The 10 must have plants for your garden!
It's time to start thinking about plantings for the Spring! Your garden, whether it's an acre or a small deck connected to your condominium, can offer you fresh herbs and vegetables for an entire season. The only trick is planting what you'll use - what you'll need. Mind you, this is my own personal list - take from it what you will. I will not set a hoard of locusts upon your garden should you decide to plant something else. The earth is forgiving, and your imagination is infinite. Also, I dare not tell you what varieties to plant, find something that you like and give it a try!
Without further ado, my list...
1) Basil. It's a no-brainer. Everyone from Chef Boyardee to Mario Batali plants it, uses it, and relishes in its greatness. In sauces, on fresh tomatoes, or laced throughout a garden salad, this herb can do no wrong! You can plant it in the garden or in pots, both indoors or out. I'll admit, I've had little success growing it indoors, but that doesn't mean you can't do it!
2) Tomatoes. Choose any flavor you'd like. Can I suggest, if you're only going to invest in one plant, yellow cherry tomatoes are divine; little sugar-packed bites. Nothing is better than walking past a plant, harvesting a few, and munching on them as you go on your way. When deciding on a plant, think about the yield you want, the duration of that yield, and the care your plant needs. Also, just so you know, if you find a large green caterpillar on your plant, kill it immediately! If that same caterpillar has a lot of white egg sacks on it's back, keep it. Tomatoes are a tricky beast!
3) Parsley. Choose either curly or flat-leafed. Both can be used in sauces, in salads, or in your favorite salsa recipe. And if you have rabbits, they love them some parsley!
4) Chard. This green can be stir-fried, sautéed, or used in delicious green juices. Easy to grow, and thriving in Spring and Autumn weather, this plant will be the first (and last) you harvest of the season. You can continually plant it - about ever 3 weeks or so, and it will be available for a continual use.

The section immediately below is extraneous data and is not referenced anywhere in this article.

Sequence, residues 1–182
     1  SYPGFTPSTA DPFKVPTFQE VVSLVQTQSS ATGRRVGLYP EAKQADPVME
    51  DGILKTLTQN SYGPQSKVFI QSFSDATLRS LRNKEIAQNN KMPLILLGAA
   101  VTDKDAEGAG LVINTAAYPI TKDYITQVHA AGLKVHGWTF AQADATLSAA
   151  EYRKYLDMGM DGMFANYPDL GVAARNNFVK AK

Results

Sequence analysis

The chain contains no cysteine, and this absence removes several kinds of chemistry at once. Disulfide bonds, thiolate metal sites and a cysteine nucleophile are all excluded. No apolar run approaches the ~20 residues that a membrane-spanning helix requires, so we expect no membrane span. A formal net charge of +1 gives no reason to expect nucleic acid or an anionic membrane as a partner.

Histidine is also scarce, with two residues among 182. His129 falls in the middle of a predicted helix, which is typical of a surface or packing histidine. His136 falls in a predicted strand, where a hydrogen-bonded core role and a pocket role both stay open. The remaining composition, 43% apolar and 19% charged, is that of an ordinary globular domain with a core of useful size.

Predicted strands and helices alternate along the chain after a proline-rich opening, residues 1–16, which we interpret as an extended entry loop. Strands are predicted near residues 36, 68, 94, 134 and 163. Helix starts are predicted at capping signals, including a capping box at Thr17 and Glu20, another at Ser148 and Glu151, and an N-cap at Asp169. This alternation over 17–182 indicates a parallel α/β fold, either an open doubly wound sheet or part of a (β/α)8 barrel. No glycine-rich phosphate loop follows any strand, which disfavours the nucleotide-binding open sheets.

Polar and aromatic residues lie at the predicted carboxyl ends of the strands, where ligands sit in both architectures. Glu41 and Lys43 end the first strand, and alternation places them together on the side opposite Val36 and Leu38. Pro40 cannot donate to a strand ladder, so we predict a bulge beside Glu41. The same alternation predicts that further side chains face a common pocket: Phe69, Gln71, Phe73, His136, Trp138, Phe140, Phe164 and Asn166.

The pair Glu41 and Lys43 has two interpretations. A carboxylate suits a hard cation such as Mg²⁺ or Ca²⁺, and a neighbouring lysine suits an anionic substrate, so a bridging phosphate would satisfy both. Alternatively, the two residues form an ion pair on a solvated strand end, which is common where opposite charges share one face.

5) Rosemary. Another herb. Use it with pork, or better yet, use the stems as kebab spears, to grill your meat and/or vegetables. It's versatile, easy to grow, and doesn't need the 1" a week watering your thirsty tomatoes will require. You can also grow it in pots. My plants have survived since last year, albeit, brought indoors to over-winter. They still thrive.
6) Beans. Beans of any sort I say! Peas, ok. Green beans - oh, I love them. Soybeans even. They can be grown early...meaning, if you're growing from seed, start soon! These plants will need a trellis, or something to climb on. Fantastically, you can sow these seeds directly into the soil. Once done, these plants can be pulled up and you can plant something different, a tomato perhaps?
7) Squash. I'll admit, this may be something you never thought about. But I grew acorn squash last year, with no experience, and had quite the bounty. While I have since learned my cucumbers were attacked by that most vile of beetles, the squash remained untouched. Planted next to the tomatoes, they received welcomed amounts of water. There are untold varieties, so find something you like and give it a go.
8) Strawberries. Easy to plant, these beasts need to be placed somewhere they can expand. With little care, however, they produce; although optimal fruit growth comes after three years. Be sure you don't plant strawberries where your dog roams, unless you don't mind a destroyed plant or two. Last year, I planted a hot pink strawberry (meaning it's flowers were hot pink), and its name was 'Frisan.'
9) Hot pepper. Find your flavor - from jalapeño to cherry to fresno, these varieties are numerous. And easy to grow. The great thing is that you don't need a large harvest to be successful. Use them fresh, or dry them near the furnace.
10) Something fun! Plant something that looks amazing. Something you think would be fun to grow. If you can't experiment in your garden, then what's the point?! If you love beets, plant them. Radishes grow nicely too! The world is your oyster. Just read the instructions given you on the seed packet or plant. If it dies, so be it, but you've tried...and that's half the battle!
Good luck brave gardener! Reap what you grow, and use what you plant!
Andrew owns and operates Orchard House Bed and Breakfast in Granville, Ohio, and is the MANfamer of FOLK Magazine. You can follow his blog at www.orchardhousegranville.com/andrewsblog/.